He concluded by listing a number of these “wonderful things,” ending with chewing gum. Mermaids chew gum, don’t they? At least the sugar-free kind?
I now recall the piazza in Palermo where I live. On Sundays it is transformed into the city’s principal flea market. As Sicily has not a Russian Orthodox Church, it is there that I can be found most Sunday mornings. The merchandise on display ranges from 1850’s rubbish to 1990’s junk, allowing the visitor to draw broad conclusions and to indulge his nostalgic fetishism in relative safety, unlike the patsy in Nineteen Eighty-Four, who, with such memorable consequences, falls for the glass paperweight.
Would anybody fall, I ask you, for the one kilogram of Motorola DynaTac 8900x mobile phone, or for the seven kilos of a Macintosh portable computer, with 1 mb of RAM, even if the seller were giving it away? A glass paperweight, on the other hand, even the shoddy, pseudo-Venetian kind that quickened the pulses of Winston Smith, is an object that I have seen change hands on more than one occasion. Eight-track tapes, sun-warped vinyl 45s, dusty Fuji cameras, paint-splattered Sony Walkmans, scratched Tupperware, faux-wicker-patterned thermoses, children’s Armalite rifles with bendy bayonets, all the detritus of technological innovation in the closing decades of the last century is perfectly valueless. It is of less value to civilization than last autumn’s fallen leaves, which can at least become compost.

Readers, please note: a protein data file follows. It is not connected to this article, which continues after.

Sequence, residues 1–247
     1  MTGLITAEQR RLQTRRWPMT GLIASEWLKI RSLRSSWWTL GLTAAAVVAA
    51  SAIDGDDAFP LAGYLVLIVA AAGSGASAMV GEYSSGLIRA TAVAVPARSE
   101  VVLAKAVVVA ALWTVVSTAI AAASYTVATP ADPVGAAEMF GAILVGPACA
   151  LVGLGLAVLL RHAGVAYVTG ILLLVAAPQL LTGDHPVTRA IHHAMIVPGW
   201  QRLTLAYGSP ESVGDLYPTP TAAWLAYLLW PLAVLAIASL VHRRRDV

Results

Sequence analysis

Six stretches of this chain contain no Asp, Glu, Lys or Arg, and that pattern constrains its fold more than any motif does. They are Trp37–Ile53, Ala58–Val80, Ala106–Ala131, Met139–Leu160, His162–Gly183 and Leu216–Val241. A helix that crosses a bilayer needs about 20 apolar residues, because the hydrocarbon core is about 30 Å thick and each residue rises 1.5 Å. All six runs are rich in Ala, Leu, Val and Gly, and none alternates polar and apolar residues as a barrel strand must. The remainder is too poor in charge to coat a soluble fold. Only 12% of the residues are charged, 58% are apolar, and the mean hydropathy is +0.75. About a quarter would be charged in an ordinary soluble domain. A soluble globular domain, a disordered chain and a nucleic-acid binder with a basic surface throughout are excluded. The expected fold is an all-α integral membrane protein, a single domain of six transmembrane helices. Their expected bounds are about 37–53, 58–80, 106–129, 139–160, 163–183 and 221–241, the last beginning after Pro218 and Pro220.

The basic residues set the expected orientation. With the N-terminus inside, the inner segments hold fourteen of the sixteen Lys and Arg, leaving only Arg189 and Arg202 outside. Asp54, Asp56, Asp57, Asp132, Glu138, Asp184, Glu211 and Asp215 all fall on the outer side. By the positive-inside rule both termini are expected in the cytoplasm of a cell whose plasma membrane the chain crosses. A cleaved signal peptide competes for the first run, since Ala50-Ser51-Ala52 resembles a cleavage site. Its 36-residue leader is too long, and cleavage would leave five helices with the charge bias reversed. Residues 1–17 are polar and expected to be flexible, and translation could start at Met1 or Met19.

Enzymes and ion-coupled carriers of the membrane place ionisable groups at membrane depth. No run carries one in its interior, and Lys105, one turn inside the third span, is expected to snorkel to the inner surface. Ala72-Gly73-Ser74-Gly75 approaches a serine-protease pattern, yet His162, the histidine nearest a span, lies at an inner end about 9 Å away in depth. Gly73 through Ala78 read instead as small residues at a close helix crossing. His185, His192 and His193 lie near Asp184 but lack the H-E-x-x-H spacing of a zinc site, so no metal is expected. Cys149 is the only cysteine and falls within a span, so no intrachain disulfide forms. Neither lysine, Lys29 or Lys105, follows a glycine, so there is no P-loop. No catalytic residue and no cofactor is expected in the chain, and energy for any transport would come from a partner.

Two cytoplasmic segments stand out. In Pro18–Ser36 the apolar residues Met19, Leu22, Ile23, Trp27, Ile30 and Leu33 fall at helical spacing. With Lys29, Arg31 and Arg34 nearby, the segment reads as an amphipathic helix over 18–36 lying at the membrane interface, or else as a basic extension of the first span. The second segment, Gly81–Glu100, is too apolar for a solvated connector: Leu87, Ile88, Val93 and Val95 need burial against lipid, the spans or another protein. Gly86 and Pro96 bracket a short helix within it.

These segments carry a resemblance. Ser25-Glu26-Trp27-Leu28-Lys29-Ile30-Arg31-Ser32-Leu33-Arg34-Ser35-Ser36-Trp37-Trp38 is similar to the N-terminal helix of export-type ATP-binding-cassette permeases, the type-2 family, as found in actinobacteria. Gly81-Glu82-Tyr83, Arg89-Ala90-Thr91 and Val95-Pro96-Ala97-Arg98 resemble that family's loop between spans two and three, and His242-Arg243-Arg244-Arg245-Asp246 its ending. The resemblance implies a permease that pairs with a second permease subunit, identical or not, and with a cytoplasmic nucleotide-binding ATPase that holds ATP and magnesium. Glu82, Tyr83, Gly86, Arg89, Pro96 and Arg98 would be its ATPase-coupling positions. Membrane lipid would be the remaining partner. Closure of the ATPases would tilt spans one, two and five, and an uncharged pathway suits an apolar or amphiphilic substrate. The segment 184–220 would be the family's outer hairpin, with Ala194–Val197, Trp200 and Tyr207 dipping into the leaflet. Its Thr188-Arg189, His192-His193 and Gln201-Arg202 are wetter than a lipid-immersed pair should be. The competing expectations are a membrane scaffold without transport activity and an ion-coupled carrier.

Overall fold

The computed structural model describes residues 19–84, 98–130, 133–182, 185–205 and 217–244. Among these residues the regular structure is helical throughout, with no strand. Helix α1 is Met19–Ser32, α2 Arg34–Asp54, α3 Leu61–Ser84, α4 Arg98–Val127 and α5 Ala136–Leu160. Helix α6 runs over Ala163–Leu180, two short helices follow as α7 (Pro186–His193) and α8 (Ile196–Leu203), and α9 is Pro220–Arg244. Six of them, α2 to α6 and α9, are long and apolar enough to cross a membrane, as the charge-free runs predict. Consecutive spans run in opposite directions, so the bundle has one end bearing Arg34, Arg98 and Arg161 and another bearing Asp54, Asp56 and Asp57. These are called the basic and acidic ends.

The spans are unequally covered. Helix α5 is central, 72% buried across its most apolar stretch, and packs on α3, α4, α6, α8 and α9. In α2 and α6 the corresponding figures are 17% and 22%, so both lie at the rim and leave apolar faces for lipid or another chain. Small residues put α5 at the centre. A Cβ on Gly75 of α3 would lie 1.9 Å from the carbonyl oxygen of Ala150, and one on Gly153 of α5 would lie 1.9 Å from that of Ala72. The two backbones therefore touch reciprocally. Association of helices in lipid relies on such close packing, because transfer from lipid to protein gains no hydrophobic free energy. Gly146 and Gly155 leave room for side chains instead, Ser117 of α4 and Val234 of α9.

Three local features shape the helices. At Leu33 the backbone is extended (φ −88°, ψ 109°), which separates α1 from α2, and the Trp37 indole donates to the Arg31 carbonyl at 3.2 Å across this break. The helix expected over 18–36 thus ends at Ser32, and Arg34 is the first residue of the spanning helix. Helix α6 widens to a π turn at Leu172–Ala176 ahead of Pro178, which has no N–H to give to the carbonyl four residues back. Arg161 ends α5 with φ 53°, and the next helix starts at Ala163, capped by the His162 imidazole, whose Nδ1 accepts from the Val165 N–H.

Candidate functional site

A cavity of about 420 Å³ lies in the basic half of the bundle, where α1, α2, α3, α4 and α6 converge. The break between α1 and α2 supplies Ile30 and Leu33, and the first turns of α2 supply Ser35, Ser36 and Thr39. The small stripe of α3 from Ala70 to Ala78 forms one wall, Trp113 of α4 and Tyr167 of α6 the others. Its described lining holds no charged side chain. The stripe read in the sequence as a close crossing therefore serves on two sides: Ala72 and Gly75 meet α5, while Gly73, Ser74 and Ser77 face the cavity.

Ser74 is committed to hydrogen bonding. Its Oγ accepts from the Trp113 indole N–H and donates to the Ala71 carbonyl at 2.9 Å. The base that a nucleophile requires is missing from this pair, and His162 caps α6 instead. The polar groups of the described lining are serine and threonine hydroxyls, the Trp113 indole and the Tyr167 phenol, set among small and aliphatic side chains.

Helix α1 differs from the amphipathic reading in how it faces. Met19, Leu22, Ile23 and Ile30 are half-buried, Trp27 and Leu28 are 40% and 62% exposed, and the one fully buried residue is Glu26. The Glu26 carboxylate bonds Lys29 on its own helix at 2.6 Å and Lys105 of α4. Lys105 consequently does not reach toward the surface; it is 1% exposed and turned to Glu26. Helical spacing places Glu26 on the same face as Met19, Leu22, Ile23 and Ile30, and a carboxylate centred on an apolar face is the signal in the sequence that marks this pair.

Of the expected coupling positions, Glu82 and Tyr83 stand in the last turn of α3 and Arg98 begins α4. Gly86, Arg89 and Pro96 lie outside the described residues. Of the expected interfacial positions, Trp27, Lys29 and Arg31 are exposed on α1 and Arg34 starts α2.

In fact, there is hardly an analogy one can draw from the natural world that is resolute enough to illustrate the cruel uselessness, aesthetic as well as practical, of the technologically obsolete in the present epoch. It is a kind of étalon of human failure, a regulatory standard by which all bankruptcy is measured, bringing to mind the scriptural apophthegm about asking for bread and being given stones, except plastic is more indigestible than stones.
Yet pick up a mortar and pestle, and you will find that this is the very thing you need to make Genovese pesto for your Sunday lunch in a.d. 2009. Its value to civilization is exactly what it was when the appliance was first hewn from Sicilian granite 50, 80, or 100 years ago. And if the pestle happens to be missing, never mind, because the mortar alone will make a perfectly charming salt cellar for the coarse-grained sea salt of Marsala.